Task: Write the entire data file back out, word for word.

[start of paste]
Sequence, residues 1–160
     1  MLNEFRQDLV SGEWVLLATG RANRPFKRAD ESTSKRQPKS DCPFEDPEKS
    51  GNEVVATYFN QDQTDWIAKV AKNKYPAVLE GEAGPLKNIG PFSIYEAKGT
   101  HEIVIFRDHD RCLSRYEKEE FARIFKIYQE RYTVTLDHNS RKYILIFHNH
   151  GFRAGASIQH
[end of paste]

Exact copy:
Sequence, residues 1–160
     1  MLNEFRQDLV SGEWVLLATG RANRPFKRAD ESTSKRQPKS DCPFEDPEKS
    51  GNEVVATYFN QDQTDWIAKV AKNKYPAVLE GEAGPLKNIG PFSIYEAKGT
   101  HEIVIFRDHD RCLSRYEKEE FARIFKIYQE RYTVTLDHNS RKYILIFHNH
   151  GFRAGASIQH